“It doesn’t rain at all in California. Once a month, a man drives through, spraying Evian.”

— Hugh Laurie

THE OLDEST IS here, the California daughter who keeps insisting that my house is in desperate need of rain gutters. She and her husband have a house in Pasadena without rain gutters. They don’t have rain in California, and haven’t had any in almost five years. So what does she think she knows about gutters — or rain, for that matter?

Her husband, a set director for a major television show, does know a lot about a lot of things, especially building things.

He also insists we need gutters. He’s the son-in-law who cannot understand why we here on the cold coast are still burning oil. In Los Angeles natural gas has always been the fuel of choice. No one burns oil in Los Angeles.

I explained that when I bought this monster, I installed rain gutters all around at the insistence of an old Mainer, who referred me to the proper gutter people. It was an expensive effort, and it kept on being expensive for the next three years, until the ice storm brought them crashing down.

For several years, I had watched as the constant rain slid off the roof and into the gutter, and then slowly flowed down a pipe and away from the foundation.

However, most of the time it just puddled around the base and leaked into the foundation.

Come Halloween, the gutters filled up with pine needles and autumn leaves. I tried cleaning them myself. Then I fell off the ladder and sprained my wrist, all while people watched from the street, and some cat-called from passing cars. That was the end of my gutter cleaning.

Soon, when snow and ice came and froze up all the needles and leaves, the gutters cracked; and when that notorious ice storm came, down they fell, revealing all the rotted trim that was hidden.

For the last 15 or so years, I have been gutter-free. It’s sad, in a way. The birds seemed to like sipping dirty water when the downspout clogged up.

Now here I am with water in the basement and a damaged front stoop — the result, the oldest and hubby say, of my old man intransigence.

Perhaps they were right. I asked the youngest in Hollywood, who lives in an apartment, her opinion.

“What’s a gutter?” she queried.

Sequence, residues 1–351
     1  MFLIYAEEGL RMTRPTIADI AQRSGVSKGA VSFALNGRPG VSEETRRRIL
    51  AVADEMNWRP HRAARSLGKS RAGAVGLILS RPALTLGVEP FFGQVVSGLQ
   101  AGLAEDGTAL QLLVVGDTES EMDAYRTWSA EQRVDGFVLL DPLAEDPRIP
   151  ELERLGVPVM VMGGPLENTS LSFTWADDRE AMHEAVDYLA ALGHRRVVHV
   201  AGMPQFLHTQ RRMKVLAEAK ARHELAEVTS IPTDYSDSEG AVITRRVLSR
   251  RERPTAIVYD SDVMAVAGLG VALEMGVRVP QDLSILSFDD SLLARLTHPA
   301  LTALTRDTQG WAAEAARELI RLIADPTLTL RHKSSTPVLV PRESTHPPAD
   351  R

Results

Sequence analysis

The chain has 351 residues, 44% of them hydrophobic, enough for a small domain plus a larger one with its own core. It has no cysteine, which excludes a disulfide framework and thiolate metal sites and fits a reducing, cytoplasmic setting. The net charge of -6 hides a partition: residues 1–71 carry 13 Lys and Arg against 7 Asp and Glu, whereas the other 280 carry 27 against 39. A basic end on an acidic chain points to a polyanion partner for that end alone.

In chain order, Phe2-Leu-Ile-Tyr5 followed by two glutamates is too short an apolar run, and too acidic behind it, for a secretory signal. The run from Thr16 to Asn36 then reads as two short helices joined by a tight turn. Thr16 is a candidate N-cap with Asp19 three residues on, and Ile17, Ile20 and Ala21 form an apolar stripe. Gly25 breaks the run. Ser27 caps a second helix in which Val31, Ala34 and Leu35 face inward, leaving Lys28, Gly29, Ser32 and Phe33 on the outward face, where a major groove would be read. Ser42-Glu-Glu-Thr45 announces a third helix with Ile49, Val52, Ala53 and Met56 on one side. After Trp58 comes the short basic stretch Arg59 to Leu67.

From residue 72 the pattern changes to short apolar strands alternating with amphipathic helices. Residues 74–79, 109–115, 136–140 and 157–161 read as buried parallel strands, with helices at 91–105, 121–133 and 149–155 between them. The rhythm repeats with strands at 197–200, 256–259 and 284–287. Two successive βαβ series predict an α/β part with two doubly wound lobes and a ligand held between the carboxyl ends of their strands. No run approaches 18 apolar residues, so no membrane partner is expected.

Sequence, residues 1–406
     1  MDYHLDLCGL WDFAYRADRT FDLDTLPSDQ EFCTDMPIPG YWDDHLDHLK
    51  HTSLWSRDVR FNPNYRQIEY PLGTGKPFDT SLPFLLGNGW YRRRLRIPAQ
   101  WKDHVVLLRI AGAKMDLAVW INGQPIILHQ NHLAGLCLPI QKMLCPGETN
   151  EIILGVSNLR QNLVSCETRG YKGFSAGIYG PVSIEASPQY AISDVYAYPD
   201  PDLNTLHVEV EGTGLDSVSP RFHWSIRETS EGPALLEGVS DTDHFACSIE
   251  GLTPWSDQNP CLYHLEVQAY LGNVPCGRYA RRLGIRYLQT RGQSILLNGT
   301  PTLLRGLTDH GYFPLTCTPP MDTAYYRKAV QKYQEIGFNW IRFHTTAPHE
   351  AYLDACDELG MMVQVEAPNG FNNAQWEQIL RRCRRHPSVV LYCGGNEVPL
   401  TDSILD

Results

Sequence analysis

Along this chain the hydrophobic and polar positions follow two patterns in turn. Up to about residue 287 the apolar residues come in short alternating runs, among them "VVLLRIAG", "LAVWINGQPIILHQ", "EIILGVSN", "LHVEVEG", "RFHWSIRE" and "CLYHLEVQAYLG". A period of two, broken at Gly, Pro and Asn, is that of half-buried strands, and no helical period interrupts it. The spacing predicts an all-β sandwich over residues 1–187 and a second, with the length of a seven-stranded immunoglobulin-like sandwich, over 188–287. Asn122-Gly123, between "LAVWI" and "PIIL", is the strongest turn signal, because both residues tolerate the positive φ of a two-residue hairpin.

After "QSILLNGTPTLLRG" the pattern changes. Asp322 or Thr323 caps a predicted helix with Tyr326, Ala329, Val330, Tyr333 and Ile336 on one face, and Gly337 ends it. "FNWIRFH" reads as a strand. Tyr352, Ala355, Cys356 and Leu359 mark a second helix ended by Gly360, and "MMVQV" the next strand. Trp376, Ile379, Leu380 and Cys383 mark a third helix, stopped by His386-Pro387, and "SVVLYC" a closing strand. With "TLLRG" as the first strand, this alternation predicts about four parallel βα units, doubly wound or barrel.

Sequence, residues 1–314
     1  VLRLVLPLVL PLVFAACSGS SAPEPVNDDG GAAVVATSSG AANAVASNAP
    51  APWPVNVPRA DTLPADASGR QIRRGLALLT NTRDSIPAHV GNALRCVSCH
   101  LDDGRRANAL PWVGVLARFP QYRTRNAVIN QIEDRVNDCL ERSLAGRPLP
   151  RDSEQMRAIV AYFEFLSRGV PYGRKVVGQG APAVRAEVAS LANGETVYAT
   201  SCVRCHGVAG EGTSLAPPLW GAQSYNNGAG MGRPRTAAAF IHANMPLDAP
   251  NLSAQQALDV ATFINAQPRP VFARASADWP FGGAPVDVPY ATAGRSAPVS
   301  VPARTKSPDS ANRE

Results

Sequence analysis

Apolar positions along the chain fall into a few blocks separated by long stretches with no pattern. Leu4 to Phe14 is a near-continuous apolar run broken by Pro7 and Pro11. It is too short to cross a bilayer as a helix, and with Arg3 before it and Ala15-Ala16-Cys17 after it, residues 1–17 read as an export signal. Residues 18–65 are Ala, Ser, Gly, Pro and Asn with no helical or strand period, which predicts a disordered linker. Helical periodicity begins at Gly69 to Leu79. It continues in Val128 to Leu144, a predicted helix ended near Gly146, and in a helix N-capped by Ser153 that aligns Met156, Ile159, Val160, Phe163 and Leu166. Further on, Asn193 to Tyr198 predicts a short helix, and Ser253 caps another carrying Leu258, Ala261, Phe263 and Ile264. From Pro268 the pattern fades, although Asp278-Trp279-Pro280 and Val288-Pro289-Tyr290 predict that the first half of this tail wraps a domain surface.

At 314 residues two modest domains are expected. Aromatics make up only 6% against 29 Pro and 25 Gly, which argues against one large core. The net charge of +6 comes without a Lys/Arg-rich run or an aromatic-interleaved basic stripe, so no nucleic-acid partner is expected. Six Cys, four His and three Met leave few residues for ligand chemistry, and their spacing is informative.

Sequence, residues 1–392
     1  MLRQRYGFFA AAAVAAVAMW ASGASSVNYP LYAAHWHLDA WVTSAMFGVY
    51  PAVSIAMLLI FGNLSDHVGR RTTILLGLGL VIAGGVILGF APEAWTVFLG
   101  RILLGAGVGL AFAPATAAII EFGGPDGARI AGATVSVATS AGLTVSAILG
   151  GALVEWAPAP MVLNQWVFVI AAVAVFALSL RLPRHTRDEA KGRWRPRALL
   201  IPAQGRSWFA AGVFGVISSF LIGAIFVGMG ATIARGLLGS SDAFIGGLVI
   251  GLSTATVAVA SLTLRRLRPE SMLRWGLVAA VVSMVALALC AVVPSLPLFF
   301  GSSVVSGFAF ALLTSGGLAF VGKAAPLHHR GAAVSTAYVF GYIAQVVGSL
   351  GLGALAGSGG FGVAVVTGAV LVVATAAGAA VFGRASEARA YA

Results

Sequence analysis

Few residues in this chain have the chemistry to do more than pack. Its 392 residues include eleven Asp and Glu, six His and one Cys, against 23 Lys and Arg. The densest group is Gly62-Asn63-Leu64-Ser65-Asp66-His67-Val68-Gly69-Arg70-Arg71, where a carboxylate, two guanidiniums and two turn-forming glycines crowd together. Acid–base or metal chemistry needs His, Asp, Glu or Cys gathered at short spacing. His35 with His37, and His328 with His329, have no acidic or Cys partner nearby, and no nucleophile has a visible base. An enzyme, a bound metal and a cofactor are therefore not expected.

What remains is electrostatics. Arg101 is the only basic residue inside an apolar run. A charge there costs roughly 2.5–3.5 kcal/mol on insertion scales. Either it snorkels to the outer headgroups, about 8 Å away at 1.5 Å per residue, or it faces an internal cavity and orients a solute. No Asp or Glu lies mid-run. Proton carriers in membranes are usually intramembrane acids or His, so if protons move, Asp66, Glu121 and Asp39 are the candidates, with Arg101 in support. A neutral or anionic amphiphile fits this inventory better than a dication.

So I caved and installed one long, beautiful, expensive gutter over the front door and the back deck to see what would happen. Then it stopped raining. I sat on the deck and waited to test the theory. The forecast called for a thunderstorm. Thunder and lightning came, but no downpour.

Last night after watching two hours of “Penny Dreadful,” I had the craziest dream. The front-of-the-house gutter glowed in the dark like an LED lamp. People came from all over. Gutter-free neighbors came knocking at my door, wanting gutters just like my glow-in-the-dark gutters.

Suddenly I was is in the glow-in-the-dark gutter business. The Ervins wanted them, the Rancourts and Carters signed up. Just before I woke up in a cold sweat, the Webbers came across the lawn and said that unless I squeezed them in before spring, I could no longer pick from their berry bush.

I must say that I’ve noticed neighbors and strangers pausing as they walk by. Last night at suppertime, an older man and his wife stood and pointed up at them, as he kept resisting her pulling him away.

At 2 in the morning I snuck out just to make sure they really didn’t glow in the dark like in my dream. You know, in the moonlight they kind of do. It’s curious. Jack, the dog, won’t go out that door now. He just stares up at them and growls.

The birds are back in smaller numbers but don’t perch. They sit in the trees and stare. Maybe it’s the glow thing. Do you think?

J.P. Devine is a Waterville writer.

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